Melbourne’s cafes are not categorised for being spacious or have grand entrances. They are hard to find, often busy and grinding kilos of coffee per second. Coffee is a way of life in Melbourne and nearly everyone you meet will have an opinion on where to find the city’s best. In recent years the scene has moved beyond frothy lattes and cappuccinos and embraced alternative brewing methods such as siphon and clover coffee. These places buzz from the early hours of the morning; grinding beans, frothing milk and getting you a phoenix-shaped latte and a fresh almond croissant even before you’ve gotten to work.
Try to find a café open after four o’clock though, and you may find yourself in a ghost town. Melbourne City Council says there are over 160,000 café/restaurants in the municipality, most of which are opened from 8-4. What does this have to do with urban planning you may ask. The latest solution to the real estate crisis? Perhaps not, but definitely an unused market.
Last year I did a bit of research about the potential of using carparks for public space. I calculated there is the equivalent of 36 Melbourne Cricket Grounds put together just in the City of Melbourne. If that is carpark space, can you imagine what we could do with office and retail space?
The temporary, guerrilla, pop-up -however you want to call it- movement has really taken a step forward offering everything from fresh produce to the most audacious pirouetting one may ever see. Using one of Melbourne’s laneway cafés, a secret location in Collingwood and other “informal” spaces, groups of people have developed series of evening classes for ordinary, working people to learn new things, in a non-committal way. Classes range from things like bicycle touring, hummanure, bat conservation and grammar they didn’t teach you in school and everything in between. It gives individuals a chance to mingle and a new way to spend their evening while giving life to spaces that would normally sit idle.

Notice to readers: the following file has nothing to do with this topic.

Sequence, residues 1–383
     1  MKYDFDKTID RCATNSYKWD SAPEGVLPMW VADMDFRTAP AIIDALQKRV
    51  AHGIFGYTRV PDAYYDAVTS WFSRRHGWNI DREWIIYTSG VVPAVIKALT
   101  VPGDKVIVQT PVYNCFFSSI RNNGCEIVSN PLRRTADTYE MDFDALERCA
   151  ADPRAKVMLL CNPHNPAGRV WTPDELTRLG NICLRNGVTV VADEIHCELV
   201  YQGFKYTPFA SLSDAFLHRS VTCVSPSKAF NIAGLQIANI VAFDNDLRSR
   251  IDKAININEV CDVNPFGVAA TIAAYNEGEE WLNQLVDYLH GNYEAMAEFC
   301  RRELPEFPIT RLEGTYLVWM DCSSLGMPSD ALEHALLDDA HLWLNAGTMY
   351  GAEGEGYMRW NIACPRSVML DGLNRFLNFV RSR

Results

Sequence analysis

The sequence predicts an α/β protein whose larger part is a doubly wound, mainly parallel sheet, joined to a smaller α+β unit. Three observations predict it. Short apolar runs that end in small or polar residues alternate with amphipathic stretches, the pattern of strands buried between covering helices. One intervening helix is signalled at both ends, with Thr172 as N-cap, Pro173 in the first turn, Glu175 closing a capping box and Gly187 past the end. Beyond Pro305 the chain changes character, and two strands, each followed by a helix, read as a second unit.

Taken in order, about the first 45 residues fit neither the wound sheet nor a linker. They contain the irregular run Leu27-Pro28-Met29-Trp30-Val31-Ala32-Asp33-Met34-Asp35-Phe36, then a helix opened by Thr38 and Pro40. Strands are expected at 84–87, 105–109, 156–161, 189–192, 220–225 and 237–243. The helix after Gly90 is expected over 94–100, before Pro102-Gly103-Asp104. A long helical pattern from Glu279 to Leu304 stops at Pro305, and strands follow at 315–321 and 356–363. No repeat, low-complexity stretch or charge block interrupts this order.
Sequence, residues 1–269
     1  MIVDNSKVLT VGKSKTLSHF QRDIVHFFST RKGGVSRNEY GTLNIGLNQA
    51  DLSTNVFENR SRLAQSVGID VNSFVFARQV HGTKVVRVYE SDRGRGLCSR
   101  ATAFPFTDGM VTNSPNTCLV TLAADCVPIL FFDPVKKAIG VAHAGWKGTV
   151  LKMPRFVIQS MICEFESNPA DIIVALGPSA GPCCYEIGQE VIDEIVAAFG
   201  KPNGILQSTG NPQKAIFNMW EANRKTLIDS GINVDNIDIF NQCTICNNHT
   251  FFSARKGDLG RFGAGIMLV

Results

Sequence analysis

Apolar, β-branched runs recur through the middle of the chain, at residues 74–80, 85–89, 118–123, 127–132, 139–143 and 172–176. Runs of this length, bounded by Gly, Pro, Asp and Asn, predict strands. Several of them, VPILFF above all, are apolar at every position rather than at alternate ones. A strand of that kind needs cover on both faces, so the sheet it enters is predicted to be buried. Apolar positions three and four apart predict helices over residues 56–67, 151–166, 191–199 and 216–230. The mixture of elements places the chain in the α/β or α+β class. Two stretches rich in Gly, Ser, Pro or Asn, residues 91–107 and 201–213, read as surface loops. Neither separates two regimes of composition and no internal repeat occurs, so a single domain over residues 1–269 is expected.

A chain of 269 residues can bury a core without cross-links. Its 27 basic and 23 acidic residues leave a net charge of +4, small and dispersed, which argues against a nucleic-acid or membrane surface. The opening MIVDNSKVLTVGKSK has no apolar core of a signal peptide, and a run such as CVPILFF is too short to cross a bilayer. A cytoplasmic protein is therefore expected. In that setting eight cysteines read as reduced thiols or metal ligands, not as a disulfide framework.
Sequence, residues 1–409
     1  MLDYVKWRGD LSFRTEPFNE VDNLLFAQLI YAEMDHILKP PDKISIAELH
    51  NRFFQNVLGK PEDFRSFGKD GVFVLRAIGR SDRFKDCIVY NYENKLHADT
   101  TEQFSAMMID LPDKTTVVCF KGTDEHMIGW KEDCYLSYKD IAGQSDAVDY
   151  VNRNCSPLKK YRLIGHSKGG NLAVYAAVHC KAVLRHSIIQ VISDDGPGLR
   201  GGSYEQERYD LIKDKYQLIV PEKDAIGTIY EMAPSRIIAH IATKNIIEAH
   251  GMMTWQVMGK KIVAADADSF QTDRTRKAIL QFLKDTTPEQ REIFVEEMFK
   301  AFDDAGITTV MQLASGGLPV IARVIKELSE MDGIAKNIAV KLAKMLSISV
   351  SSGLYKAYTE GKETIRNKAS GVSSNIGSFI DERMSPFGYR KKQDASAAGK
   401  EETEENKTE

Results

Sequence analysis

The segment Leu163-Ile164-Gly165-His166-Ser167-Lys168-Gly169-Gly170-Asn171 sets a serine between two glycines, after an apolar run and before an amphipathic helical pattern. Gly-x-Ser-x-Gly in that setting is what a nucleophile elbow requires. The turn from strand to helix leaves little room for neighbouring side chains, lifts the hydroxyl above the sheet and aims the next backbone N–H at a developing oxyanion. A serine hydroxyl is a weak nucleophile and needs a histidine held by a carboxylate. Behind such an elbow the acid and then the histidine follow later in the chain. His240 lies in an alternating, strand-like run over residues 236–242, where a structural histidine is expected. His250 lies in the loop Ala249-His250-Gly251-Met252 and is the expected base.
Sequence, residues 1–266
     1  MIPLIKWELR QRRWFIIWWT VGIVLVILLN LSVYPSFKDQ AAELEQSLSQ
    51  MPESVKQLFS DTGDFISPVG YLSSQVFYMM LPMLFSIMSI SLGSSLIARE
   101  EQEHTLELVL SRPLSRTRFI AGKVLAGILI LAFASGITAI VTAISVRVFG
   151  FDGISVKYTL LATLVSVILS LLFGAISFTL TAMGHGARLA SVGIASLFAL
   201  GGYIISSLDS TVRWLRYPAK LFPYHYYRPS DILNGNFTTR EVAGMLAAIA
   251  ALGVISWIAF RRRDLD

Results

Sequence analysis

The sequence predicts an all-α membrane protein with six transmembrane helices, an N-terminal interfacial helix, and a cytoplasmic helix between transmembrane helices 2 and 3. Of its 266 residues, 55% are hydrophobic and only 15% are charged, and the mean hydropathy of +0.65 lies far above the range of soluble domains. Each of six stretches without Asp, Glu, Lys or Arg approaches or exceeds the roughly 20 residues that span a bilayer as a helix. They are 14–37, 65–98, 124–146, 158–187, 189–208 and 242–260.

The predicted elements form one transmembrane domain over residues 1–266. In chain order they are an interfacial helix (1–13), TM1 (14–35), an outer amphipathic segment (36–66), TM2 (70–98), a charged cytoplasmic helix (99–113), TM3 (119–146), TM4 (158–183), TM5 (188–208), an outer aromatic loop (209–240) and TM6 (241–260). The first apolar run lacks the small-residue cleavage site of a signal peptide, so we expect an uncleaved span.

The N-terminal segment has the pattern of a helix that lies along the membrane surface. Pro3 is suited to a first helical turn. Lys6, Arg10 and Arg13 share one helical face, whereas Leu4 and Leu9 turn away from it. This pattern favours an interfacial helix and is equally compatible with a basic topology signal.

While bat conservation is not my thing, I could definitely do with some grammar classes. These spaces support start-ups, small organisations, artists and people interested in learning something new.
The pop-up movement is not only for hipsters sipping wine and talking about bicycle touring or improving their grammar. There is great potential to use unused private and public spaces and support Melbourne’s, or any city’s evolvement. This movement is doing amazing stuff — we just need more of it.
If you’re interested in any of these informal classes, check out A Centre for EverythingHomehouse, Laneway Learning, Melbourne Free University and Small Giants. A Centre for Everything is also organising a panel discussion on the subject of small-scale, non-accredited forms of learning and teaching in Melbourne, with invited guests Melbourne Free University, Laneway Learning, Small Giants and Homehouse. The event, on May 11, is part ofDirect Democracy exhibition at Monash Museum of Art. For more information see A Centre for Everything's website (www.centreforeverything.com)